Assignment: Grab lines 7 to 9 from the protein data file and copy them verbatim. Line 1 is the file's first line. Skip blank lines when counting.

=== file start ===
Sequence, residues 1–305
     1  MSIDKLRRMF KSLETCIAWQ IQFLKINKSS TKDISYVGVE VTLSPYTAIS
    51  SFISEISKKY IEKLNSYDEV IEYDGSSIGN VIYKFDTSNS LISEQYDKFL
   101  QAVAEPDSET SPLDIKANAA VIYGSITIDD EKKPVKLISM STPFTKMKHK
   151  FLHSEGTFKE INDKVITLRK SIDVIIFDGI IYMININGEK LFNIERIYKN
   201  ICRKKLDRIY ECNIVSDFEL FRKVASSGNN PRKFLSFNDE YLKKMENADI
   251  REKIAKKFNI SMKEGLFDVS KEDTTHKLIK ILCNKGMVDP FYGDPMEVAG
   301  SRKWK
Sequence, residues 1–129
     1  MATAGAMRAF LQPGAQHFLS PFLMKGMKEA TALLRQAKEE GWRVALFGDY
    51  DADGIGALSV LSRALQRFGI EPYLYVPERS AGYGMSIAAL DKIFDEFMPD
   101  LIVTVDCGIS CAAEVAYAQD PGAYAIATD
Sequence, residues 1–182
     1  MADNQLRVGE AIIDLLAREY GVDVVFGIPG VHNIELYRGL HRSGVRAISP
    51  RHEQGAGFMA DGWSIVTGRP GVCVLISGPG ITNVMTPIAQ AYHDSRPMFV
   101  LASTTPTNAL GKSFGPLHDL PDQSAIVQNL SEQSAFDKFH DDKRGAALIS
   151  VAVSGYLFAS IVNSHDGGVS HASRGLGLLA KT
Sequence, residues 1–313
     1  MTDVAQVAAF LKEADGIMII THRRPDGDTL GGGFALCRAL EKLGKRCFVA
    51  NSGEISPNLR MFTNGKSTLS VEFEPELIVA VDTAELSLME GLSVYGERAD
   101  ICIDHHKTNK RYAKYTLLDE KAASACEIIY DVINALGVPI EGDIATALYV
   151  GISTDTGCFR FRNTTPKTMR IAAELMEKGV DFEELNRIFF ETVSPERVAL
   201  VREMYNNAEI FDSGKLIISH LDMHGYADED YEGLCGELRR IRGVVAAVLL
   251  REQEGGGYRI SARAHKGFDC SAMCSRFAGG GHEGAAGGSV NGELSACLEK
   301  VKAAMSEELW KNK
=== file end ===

   251  REKIAKKFNI SMKEGLFDVS KEDTTHKLIK ILCNKGMVDP FYGDPMEVAG
   301  SRKWK
Sequence, residues 1–129